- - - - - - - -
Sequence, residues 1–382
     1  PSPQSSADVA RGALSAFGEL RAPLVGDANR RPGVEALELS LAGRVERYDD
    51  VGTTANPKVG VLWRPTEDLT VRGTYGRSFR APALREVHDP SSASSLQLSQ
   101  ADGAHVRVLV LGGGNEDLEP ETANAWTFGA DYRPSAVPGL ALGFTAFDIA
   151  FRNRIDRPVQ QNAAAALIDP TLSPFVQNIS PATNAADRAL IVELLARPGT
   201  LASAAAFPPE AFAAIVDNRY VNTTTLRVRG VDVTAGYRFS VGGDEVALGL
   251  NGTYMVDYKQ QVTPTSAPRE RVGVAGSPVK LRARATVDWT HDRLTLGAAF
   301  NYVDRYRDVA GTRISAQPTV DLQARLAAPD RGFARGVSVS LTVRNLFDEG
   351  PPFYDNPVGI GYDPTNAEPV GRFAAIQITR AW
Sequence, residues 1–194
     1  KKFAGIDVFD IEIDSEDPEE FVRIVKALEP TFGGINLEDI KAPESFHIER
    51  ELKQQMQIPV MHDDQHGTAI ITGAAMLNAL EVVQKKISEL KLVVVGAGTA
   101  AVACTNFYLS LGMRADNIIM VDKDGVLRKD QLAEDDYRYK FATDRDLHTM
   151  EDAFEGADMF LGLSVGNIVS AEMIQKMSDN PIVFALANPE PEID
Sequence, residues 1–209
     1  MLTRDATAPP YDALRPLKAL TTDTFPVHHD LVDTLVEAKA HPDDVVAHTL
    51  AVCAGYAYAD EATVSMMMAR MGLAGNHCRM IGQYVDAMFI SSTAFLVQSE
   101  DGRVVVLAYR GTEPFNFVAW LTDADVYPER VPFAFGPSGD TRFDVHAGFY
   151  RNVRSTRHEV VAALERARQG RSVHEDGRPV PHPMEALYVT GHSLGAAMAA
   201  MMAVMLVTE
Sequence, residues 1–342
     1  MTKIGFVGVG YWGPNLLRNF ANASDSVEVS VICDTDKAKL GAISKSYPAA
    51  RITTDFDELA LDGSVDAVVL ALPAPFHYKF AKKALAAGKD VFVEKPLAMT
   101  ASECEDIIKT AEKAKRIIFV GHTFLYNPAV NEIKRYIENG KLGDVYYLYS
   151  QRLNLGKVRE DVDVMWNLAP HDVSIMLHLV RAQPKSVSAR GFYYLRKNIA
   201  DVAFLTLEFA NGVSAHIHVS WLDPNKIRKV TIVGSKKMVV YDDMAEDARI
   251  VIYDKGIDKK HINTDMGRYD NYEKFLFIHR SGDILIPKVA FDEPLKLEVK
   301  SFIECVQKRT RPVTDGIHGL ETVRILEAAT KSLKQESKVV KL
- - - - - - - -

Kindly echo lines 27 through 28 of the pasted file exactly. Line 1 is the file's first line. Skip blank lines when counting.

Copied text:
   251  VIYDKGIDKK HINTDMGRYD NYEKFLFIHR SGDILIPKVA FDEPLKLEVK
   301  SFIECVQKRT RPVTDGIHGL ETVRILEAAT KSLKQESKVV KL